Pork Pie or Sinatra?

The post below is from a customer of our website.  Originally he was having difficulty adding his review to our website (our review system is going to be overhauled in 2011).  I figured out that it was due to the fact his review had too many characters for our website’s review system.  Ethically, I would not edit his review and while reading the review I thought that the content about the different names of a pork pie hat was informative, so I have decided to post it here. 

This difference in hat names was intriguing to me.  As an American living in the UK, there are many times when my US English is different from the UK English.  There are many days where our customer service staff makes fun of the American’s spelling or choice of words.  I say that this is due to the constant change or the fluidity of language.  Terms come and go; children have a very different set of terms compared to their parents.  Americans not only have a funny accent, they have different terms and spellings.  Language changes and evolves constantly.  I notice these differences occur in the business of selling hats as well.  There are many US hat terms that do not translate well here in the UK.  There are terms that have fallen in to disuse or are now pretty much extinct.  One of the first blogs I wrote was about the different uses of the terms trilby and fedora on the two continents.  The review below highlights an example of the differences involving the pork pie hat. 

As mentioned above, this is a review.  There are parts where he recommends us as a company.  I am aware that this is a little bit self-promoting, but I feel posting this as a blog makes sense as he informed me, a hatter, about the different terms used in the UK.  We love hearing about this stuff.  Anyone interested in sending in information on hats should email us at cs@hatsandcaps.co.uk and we can add it to the blog.  I hope you enjoy –  

It is often not ideal to order clothing online; this company is different, the phone service was excellent chatty and helpful, the courier was excellent too and went to a lot of trouble, a lot of companies forget that the final stage, delivery, is as important if not more important than any other.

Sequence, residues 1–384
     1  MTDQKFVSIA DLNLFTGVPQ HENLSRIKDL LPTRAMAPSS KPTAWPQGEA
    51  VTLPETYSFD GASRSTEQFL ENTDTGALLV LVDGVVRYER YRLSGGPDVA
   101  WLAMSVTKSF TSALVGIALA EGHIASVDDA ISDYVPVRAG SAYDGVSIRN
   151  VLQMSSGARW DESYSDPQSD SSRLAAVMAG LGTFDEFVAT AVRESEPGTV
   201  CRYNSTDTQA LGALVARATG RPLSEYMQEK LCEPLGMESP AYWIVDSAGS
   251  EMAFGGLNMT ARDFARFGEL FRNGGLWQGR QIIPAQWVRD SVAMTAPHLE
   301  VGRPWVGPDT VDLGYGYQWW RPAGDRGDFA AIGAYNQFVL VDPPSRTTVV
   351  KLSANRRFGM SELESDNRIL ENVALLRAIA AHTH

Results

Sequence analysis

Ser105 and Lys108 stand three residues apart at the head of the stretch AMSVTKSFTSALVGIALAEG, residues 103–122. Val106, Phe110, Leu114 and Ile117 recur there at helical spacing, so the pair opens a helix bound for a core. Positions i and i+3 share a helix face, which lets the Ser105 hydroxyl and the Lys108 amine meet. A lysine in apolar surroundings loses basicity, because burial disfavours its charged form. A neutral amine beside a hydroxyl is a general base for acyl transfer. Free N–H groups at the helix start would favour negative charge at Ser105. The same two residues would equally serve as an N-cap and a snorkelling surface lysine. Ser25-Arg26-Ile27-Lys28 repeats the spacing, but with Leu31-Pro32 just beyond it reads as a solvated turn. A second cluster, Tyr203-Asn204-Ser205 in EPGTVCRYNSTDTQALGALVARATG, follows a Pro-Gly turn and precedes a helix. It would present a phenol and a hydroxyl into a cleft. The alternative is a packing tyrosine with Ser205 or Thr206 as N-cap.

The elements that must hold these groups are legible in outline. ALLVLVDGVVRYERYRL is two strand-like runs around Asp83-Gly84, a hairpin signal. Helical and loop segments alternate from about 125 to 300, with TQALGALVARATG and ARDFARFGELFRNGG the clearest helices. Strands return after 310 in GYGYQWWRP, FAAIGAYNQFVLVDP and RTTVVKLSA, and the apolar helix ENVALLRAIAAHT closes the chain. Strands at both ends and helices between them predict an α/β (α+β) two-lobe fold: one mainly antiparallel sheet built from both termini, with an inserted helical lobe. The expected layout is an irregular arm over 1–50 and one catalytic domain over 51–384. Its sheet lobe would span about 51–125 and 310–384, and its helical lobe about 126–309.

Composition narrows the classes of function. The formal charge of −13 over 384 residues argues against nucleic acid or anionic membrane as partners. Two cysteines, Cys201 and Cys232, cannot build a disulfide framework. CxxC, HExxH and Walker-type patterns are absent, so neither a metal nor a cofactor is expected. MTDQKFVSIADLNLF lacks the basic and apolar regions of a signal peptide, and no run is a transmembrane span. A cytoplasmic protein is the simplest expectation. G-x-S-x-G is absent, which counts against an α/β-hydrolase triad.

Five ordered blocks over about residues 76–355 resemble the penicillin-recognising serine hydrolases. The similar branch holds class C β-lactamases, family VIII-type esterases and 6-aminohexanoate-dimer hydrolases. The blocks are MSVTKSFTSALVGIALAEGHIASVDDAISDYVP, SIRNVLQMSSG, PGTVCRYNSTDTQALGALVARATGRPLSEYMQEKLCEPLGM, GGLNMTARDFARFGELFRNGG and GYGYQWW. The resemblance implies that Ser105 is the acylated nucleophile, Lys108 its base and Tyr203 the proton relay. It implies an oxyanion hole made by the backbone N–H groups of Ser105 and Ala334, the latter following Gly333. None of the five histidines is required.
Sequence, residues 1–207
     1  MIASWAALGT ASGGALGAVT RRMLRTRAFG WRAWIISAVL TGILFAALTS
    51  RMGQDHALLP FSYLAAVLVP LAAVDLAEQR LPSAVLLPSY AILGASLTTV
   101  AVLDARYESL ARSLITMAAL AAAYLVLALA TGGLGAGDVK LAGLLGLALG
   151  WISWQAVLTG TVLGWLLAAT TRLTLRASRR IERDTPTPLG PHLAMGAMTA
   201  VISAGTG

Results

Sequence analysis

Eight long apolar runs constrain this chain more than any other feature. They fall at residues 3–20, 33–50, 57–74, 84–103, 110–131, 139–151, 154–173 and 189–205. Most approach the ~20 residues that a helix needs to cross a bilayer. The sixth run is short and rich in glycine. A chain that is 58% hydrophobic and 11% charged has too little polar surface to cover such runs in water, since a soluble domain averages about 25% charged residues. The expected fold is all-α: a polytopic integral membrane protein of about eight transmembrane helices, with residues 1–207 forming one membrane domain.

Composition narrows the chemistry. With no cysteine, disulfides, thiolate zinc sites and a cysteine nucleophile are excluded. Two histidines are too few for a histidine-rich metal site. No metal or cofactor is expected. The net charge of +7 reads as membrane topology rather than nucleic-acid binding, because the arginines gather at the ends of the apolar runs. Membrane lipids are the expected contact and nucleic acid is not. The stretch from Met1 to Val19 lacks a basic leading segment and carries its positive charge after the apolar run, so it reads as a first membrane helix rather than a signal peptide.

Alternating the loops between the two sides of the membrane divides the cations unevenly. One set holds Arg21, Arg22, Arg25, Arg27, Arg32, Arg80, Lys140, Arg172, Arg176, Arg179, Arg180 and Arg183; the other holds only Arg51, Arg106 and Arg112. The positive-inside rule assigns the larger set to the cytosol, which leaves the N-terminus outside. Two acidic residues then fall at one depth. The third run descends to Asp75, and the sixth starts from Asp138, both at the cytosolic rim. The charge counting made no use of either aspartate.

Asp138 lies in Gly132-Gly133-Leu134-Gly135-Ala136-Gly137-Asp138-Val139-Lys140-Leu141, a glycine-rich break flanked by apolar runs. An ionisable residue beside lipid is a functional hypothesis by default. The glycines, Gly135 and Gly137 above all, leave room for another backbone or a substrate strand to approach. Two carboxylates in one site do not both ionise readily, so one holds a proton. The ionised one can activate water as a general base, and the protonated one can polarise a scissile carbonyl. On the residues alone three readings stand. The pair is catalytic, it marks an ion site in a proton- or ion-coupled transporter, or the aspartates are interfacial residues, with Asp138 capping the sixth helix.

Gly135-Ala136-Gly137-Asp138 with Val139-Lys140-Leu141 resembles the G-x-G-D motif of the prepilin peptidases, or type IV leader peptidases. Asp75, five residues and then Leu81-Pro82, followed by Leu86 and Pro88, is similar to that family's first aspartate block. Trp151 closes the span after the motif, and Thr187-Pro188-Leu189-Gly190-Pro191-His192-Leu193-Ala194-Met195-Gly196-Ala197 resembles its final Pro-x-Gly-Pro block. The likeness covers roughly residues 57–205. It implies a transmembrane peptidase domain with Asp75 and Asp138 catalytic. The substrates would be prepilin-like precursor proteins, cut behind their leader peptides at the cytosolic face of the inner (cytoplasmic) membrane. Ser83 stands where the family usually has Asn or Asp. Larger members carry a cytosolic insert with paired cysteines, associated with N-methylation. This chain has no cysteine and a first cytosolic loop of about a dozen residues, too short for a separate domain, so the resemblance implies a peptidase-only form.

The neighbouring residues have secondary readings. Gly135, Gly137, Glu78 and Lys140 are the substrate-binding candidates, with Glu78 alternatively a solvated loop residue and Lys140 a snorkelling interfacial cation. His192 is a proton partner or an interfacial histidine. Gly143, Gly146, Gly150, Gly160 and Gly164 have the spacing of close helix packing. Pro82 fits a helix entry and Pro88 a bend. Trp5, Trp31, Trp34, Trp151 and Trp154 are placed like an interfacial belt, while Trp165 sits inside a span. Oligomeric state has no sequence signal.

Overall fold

The Bailey Black Jett Pork Pie is the kind of hat I got, it came properly packaged in an useful storage box too.   I did mention before somewhere the irony that, when I received it, I found out that Bailey Hats are made about 20 miles from where I will be going to live in Pennsylvania, that is kind of strange I thought?   Anyway the hat is perfect and the phone people were able to help me navigate the tricky business of hat sizes here and in the USA, so I got a perfect fit, very reasonably priced for what it is, even in pounds sterling and generally goes well with ‘modernist’ clothing.  The hat, the maker claims with some pride is ‘Made in the USA’, for those to whom that matters.  Quality wise, by the way,  it compares well with English hats of three times the price.

There is a kind of obscurity about what a ‘Pork Pie’ is.  Well we are not doing definitional science here and it is fair enough to insist, as a lot of English hatmakers do, that a Pork Pie is what I would call a trilby with a pork pie crown; what Locke the Hatters call a ‘Sinatra’, a very nice hat that one is too by the way… however to my mind the Bailey Jett is really what a Pork Pie should be:  it is the kind of hat a kid of about five would draw sitting right on top of your head, a kind of iconic hat.  There is, as always, a lot of room for variation in brim width and a host of details and it is worth looking up the variations of the selection that Hatsandcaps do which is a lot wider than most dealers.  The Jett Pork Pie though is MY hat, just my kind of hat.  I still hold that whatever other details and variations it has  a Pork Pie has essentially a symmetrical brim and an indented rimed crown?  Though on the principle of ‘When in Rome…’ I accept that here the term is reserved for a wider range of styles including what I would call a Trilby of the Sinatra type.

Tudor Eynon

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